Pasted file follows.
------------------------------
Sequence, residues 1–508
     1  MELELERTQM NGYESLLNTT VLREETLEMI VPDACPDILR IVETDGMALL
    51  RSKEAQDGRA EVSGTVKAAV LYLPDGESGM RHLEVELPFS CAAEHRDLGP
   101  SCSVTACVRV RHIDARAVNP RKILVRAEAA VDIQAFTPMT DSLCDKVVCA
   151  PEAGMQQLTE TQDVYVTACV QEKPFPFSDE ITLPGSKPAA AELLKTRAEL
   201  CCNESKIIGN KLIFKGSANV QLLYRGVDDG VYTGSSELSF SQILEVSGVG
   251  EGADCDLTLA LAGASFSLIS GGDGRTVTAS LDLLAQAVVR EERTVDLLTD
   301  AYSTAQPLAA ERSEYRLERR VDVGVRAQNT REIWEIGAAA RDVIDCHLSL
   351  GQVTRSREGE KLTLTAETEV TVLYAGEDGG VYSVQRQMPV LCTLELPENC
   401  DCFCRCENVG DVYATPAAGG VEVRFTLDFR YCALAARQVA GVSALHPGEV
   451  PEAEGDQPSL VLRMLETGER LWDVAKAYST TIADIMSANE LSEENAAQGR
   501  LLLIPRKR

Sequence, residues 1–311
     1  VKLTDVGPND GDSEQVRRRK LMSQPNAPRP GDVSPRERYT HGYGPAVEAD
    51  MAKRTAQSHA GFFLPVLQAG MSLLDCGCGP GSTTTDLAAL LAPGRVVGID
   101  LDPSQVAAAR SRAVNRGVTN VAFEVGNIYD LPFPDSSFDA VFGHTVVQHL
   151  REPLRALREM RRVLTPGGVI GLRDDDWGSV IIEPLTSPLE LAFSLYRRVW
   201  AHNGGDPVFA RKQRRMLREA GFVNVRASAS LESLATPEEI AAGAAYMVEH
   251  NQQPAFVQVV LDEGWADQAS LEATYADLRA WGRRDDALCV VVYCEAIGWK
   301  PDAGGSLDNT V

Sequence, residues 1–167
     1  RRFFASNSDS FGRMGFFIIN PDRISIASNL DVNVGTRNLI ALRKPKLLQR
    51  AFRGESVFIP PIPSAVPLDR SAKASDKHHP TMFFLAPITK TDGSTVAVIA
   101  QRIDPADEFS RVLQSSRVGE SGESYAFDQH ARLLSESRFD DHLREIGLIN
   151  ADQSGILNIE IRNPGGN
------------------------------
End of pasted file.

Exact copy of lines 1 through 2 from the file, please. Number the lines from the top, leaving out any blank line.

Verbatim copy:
Sequence, residues 1–508
     1  MELELERTQM NGYESLLNTT VLREETLEMI VPDACPDILR IVETDGMALL